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Rights You Have After a DUI Arrest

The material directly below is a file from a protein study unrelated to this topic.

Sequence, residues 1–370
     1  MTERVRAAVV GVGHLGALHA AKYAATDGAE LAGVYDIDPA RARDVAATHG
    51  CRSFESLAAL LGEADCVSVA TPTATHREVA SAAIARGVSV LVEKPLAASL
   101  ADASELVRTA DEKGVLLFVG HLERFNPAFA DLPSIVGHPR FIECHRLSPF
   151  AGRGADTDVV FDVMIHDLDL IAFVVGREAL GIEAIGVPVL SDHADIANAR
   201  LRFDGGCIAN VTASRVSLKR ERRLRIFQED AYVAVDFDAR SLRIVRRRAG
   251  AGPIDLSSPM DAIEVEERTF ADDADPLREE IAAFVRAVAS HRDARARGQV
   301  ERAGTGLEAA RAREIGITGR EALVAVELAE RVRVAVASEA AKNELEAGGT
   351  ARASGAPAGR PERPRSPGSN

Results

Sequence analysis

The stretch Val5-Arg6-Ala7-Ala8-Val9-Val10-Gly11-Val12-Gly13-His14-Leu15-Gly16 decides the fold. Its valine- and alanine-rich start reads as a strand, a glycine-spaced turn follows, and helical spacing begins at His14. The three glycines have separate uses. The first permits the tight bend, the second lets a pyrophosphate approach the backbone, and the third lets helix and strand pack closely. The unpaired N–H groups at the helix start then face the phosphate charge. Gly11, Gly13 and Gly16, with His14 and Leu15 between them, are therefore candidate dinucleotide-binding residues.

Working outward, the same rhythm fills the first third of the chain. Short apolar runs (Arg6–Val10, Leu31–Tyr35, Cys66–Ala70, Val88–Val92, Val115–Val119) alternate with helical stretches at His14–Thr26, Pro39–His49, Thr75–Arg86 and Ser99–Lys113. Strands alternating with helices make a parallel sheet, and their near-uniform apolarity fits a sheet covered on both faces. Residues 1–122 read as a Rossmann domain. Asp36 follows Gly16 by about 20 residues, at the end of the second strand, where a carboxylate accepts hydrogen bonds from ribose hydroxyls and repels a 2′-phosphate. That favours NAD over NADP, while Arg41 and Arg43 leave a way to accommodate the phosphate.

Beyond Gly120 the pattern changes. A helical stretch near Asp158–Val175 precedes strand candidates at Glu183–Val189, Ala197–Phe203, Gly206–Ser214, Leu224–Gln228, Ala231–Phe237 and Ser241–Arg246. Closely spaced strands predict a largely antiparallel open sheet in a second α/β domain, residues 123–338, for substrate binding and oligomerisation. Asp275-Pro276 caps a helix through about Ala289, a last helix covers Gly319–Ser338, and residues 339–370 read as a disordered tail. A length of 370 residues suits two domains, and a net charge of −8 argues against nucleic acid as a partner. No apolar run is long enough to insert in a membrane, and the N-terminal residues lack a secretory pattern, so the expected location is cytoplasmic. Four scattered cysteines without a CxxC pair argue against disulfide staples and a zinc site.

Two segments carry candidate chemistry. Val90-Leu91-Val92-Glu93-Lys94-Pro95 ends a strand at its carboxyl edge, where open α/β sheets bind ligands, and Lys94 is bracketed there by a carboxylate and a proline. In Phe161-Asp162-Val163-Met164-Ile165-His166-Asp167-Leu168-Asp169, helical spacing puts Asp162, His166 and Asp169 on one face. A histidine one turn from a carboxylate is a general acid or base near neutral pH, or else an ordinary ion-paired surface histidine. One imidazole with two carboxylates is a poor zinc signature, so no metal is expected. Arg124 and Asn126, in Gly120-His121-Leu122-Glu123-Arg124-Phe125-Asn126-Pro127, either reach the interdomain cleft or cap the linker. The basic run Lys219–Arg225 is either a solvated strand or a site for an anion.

Sometimes the biggest problems start innocently. You might be at a party, drink a little, decide to drive home, and then you're pulled over. You think you're fine, but you end up failing the breathalyzer test. At this point, you may wonder what your rights are. Should you take the breathalyzer? Can you refuse other tests? Do you get to know all the charges made against you? This blog guide can answer these questions and more. Right to a Lawyer First off, you need a DUI lawyer if you are charged with a DUI. As noted on this blog, if you are charged with a crime, you need hire a lawyer, and never simply plead guilty. Pleading guilty gives you no chance. Pleading guilty means you accept the crime. Pleading guilty means you are not even questioning the penalties. A lawyer can question the charges, can lower penalties, and can sometimes even allow you to be found innocent. At the least, you want to lessen the charges, but there are always mistakes, even if you had been drinking, and this can lead to an innocent verdict. Do you have to take the breathalyzer or other tests? Yes, you have to take the breathalyzer test by law in all 50 states, and can receive immediate penalties if you deny it. State laws differ on this, but you almost always want to take the breath test. If you are unsure, you might ask the officer the penalties. If you are positive you will fail, you may consider refusing it. However, your license will immediately be suspended. You also have to take blood tests. However, you need not take field sobriety tests – where you walk in a line or count the alphabet backwards – because there are no laws saying you must. It's up to you at that point. Right to a Trial If you are charged with a  DUI, you are not found guilty upon failing the breath test. You have the right to a trial. And with a lawyer on hand, you can make a not guilty plea and work to lessen the charges if not win completely. Right to Question the Charges You always have the right to question the charges made against you. You can question what the officer did. He or she may have made mistakes in arresting you. You can always question the validity of any sobriety tests. The breathalyzer test has a history of being wrong. Right to an Appeal If you are charged with a crime and found guilty, there is always the appeals process. If you lost, and the evidence is against you, you may reconsider. On the other hand, if some of what happened in court can be questioned, if laws were misinterpreted, you may win in appeals court.